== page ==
One last thing comes to mind, if a particular technique or tool works for you then stick with it, rather continue developing your skills and efficiency with what your doing than trying out someone else’s method because it works for them. Reality is, in some cases there is a right and wrong method, but if a method works for you then stick with it. What works for you might not work for me and vice versa, it all boils down to who trained us or how we trained ourselves.
Woodworking is a repetitive action, you as a craftsman decide what joints your going use and then you repeat it throughout your project. Experience develops from repetitive actions, speed develops over time through muscle memory, and muscle memory develops from repetitiveness. Work smart, not hard and remember, always safety first, if it doesn’t feel right; it’s not.
This is an excerpt from HANDWORK, I’m still a fair way from finished but here is sample of what to expect in the magazine.
Much has been said of late about the testing of glue, its value and adhesive qualities, different grades and makes. Several rules and regulations have been devised to determine the exact value of each glue which are all very good. Nevertheless, most of these tests can only be made with the aid of special appliances made for this purpose. With this fact in mind the writer will give a few simple rules to determine qualities of glues.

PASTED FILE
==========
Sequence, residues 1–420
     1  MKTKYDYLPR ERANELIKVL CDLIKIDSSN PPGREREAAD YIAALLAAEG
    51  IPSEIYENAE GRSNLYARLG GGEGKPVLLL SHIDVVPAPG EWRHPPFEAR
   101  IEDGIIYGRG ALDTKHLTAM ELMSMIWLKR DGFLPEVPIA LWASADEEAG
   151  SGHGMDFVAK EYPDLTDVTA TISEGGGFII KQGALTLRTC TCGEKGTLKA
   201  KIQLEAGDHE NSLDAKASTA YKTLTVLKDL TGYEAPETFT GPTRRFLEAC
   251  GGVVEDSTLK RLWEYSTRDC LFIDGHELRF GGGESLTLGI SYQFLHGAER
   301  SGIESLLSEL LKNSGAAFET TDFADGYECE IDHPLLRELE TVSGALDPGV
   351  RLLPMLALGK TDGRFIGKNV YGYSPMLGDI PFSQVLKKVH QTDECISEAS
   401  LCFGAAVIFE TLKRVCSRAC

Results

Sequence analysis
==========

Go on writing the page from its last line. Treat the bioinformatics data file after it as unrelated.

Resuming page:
First of all, the odour of glue is always considered a good indication of quality. The best grades of glue have a not too pleasant odour but the cheaper grades are practically obnoxious. Usually the cheap bone glues are easily detected through their rank or nasty smell and can be thus judged for their quality in their dry state. Particularly is this true of the powdered or ground variety. Another test for ground glue is by taking a handful and closing your hand over it. If it gets sticky within a minute or two it is a cheap kind, or made of bones, etc. A good hide glue usually retains its brittle nature for quite a while without getting sticky. A fact worth mentioning is that cheap ground glues always will be found to lump or pack together in warm weather.
Flake glue will act in most instances the same way as ground glue. Another test for ﬂake glue is to take a piece and try to break it. If it breaks easily and with a brittle crack it is a sign of cheap glue. On the other hand, if it proves elastic and can be bent back and forth and is hard to break, it is of a much better quality.
When a piece of good glue is held against the light it should show a perfect
clearness and even texture. A cheap glue will show streaks and appear cloudy. Glue, however, should not always be judged by colour, as some of the best glues are of the dark coloured variety.